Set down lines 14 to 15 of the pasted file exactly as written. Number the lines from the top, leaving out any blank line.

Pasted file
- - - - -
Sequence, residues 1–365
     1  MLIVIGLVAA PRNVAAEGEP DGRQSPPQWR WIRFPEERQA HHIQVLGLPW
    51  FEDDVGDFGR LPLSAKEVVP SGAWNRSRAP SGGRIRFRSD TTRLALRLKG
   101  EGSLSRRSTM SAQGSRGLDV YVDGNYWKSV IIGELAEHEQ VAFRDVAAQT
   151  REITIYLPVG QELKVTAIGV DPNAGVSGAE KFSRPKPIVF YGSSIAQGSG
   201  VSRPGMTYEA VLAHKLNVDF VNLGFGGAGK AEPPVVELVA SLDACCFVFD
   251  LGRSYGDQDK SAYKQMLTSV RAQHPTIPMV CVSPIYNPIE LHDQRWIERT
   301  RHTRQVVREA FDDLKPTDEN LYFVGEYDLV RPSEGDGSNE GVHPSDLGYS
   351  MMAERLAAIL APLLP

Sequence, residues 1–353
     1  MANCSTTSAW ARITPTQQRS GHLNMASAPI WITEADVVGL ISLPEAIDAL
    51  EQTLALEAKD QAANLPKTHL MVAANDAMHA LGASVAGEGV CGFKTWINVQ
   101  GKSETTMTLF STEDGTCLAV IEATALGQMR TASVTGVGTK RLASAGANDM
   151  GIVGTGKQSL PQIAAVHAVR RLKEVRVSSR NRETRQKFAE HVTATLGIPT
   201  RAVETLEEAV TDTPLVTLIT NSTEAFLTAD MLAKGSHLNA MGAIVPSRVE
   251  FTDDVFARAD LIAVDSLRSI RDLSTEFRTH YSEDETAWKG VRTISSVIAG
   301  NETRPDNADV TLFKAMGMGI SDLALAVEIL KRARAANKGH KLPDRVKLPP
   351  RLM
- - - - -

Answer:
   151  GIVGTGKQSL PQIAAVHAVR RLKEVRVSSR NRETRQKFAE HVTATLGIPT
   201  RAVETLEEAV TDTPLVTLIT NSTEAFLTAD MLAKGSHLNA MGAIVPSRVE